The cast of characters is fluid. Some characters with whom the reader empathizes disappear during the narrative, just as they would disappear in real life as circumstances change and opportunities open and close. Doctorow is careful, however, to keep the most important continuing characters-- Pearl, Wrede Satorius, and General Sherman--compelling enough that the novel never loses momentum or direction. His eye for detail and ability to convey sense impressions—a severed leg so heavy it has to be carried by two people, a soldier catching an enemy on his bayonet and being unable to shake it free, the bizarre behavior of a man living with a spike protruding from his head—create an atmosphere in which the harsh realities of war's chaos are borne in on the reader. "This was not war as adventure, nor war for a solemn cause, it was war at its purest, a mindless mass rage severed from any cause, ideal, or moral principle."

A huge novel of the Civil War, The March differs from other Civil War novels in that it is not anchored to a particular place. By focusing on the march itself, Doctorow explores much broader themes—the human costs of this war and its aftermath thoughout the South. Though the Union ultimately won the war, Doctorow shows, it was not prepared to deal with the war's aftermath--the thousands of displaced people, the economic disaster and loss of hope for the residents, the cultural shocks, the lack of opportunities for the slaves who were freed, and their need to be taught how to be free. The Union's plan for winning the war did not include a viable plan for winning the peace.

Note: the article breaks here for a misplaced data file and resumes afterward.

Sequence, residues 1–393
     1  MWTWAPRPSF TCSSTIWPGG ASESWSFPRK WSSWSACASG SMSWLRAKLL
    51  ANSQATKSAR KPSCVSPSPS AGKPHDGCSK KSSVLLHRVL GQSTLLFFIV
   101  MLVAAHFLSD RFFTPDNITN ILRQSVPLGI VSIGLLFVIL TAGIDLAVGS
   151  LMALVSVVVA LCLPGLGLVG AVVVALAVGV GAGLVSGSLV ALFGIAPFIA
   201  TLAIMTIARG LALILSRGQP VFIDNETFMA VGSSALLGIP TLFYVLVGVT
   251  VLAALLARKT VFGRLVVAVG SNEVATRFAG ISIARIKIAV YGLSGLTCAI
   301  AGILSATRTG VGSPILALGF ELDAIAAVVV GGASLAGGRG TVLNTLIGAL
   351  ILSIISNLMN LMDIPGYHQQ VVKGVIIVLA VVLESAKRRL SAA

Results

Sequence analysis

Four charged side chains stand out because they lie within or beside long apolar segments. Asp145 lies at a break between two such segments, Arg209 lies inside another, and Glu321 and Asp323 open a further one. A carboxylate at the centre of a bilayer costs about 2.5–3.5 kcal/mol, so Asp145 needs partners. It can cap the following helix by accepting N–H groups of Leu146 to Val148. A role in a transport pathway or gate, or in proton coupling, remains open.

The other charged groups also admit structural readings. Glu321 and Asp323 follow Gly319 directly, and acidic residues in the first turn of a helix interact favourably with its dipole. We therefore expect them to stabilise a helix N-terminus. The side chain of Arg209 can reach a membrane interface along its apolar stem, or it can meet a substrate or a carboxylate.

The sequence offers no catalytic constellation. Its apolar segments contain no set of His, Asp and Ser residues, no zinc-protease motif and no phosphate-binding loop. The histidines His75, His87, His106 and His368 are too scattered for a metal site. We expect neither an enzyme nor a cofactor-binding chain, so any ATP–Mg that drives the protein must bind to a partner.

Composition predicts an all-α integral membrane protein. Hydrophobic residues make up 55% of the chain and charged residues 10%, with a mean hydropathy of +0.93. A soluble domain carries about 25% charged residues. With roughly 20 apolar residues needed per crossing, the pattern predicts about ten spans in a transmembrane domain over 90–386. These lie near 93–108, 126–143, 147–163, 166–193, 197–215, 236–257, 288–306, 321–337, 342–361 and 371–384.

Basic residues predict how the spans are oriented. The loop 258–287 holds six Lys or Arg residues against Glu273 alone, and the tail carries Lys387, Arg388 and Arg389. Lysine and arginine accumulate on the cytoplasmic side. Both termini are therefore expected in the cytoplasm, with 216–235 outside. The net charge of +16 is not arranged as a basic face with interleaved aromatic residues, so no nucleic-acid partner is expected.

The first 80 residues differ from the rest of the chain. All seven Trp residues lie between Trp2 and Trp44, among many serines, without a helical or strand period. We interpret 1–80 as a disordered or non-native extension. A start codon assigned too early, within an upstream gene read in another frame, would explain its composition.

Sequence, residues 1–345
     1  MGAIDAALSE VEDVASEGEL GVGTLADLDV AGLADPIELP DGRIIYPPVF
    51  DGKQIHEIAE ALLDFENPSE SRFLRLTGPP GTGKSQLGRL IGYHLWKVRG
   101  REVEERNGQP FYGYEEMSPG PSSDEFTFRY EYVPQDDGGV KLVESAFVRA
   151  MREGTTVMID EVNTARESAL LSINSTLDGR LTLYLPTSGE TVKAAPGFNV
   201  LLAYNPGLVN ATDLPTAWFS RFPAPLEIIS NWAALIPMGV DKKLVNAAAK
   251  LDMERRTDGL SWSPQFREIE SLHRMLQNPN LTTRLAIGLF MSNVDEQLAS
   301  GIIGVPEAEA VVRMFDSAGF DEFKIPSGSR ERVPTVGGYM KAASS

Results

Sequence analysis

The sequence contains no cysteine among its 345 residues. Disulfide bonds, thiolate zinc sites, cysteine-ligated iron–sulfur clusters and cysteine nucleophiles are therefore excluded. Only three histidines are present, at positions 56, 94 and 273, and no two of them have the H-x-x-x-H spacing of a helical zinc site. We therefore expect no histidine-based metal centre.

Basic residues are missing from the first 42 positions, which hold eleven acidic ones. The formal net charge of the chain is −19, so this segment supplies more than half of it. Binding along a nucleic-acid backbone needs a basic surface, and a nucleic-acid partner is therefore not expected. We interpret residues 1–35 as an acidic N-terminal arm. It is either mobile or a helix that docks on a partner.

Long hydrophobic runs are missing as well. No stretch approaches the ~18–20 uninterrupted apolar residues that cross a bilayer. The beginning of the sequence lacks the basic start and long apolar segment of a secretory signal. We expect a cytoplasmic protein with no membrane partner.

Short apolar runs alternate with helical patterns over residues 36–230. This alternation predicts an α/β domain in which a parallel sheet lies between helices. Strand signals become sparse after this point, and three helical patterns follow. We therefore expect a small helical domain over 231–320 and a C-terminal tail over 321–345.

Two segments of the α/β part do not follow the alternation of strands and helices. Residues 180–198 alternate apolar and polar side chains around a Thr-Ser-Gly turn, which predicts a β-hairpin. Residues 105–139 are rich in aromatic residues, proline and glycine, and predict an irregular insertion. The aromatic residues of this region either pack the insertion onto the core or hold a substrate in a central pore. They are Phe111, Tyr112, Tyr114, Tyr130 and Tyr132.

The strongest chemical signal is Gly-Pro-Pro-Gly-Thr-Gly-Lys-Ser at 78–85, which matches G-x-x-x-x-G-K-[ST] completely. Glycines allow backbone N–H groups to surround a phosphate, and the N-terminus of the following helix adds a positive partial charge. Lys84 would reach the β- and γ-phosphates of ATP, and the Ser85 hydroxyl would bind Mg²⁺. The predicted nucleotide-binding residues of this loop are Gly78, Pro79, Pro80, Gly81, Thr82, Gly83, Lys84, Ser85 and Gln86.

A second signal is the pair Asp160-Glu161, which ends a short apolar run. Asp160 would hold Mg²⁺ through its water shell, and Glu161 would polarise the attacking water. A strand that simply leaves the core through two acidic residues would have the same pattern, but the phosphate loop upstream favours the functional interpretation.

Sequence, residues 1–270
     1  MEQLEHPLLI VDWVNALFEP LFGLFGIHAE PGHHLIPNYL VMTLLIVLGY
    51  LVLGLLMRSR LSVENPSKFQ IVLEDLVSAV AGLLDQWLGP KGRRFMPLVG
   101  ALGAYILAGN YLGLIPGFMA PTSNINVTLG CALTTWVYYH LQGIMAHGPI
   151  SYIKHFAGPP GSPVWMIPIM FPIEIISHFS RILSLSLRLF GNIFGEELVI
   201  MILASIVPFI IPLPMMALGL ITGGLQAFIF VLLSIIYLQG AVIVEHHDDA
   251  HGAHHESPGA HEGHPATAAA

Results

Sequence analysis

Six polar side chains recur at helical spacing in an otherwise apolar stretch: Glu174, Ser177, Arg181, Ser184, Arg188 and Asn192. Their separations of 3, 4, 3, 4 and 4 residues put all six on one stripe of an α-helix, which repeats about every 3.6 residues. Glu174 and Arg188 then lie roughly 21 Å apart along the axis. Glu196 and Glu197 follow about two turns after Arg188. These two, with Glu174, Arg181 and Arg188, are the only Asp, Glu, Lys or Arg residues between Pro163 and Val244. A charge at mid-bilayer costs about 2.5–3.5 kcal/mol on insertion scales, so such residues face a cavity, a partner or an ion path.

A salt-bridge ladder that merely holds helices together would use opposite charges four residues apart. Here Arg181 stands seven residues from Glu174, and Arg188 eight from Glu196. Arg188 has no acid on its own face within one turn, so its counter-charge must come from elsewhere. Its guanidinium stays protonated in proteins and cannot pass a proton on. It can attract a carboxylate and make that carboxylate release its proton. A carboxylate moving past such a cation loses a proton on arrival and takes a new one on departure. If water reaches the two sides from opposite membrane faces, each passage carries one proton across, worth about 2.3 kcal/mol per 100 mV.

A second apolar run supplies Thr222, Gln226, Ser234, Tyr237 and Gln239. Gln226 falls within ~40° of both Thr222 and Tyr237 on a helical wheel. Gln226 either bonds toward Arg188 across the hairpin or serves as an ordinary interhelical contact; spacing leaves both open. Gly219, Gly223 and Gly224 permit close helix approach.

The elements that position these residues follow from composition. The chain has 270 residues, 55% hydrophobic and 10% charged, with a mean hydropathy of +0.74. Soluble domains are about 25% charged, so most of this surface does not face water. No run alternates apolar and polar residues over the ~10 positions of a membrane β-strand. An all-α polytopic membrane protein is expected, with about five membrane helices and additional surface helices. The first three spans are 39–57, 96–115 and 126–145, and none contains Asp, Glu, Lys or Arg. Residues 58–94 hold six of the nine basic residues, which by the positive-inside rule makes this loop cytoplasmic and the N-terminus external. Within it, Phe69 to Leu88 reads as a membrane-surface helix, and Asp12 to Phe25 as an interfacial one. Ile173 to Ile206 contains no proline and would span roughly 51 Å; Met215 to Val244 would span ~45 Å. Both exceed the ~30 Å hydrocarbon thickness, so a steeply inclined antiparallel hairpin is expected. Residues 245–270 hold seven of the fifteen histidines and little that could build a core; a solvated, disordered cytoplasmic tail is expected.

The fact that some critics have drawn alarming parallels between the action in this novel and contemporary wars in the Middle East may be proof of the novel's universal themes and breadth of scope. As General Sherman notes, "This unmeaning inhuman planet [needs] our warring imprint to give it value, and…our civil war, the devastating manufacture of the bones of our sons, is but a war after a war, a war before a war."

  • Amazon readers rating: from 213 reviews
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"Billy Bathgate"

(Reviewed by Judi Clark MAY 11, 1999)

This is gangster life in the 1930s. Billy Bathgate is just one of the many high school drop-outs hanging around the Bronx captivated by the world of money, sex and charismatic high life represented by infamous gangster Dutch Schultz. The trick is to get noticed, which Billy does by chance while performing a difficult juggling act. So Billy is brought into the numbers and protection racket and soon learns about the darker side of Schulz and about murder, theft and vindictiveness.  Still Billy loves gangsterdom and worships Schultz. As he explains when he returns at one point to his poor home neighborhood, he is "living in the very pulsebeat of the tabloids, distributed in printer's ink and hidden like the fox in the tree leaves on the puzzle page except that I was right in the middle of the centrally important news of our time."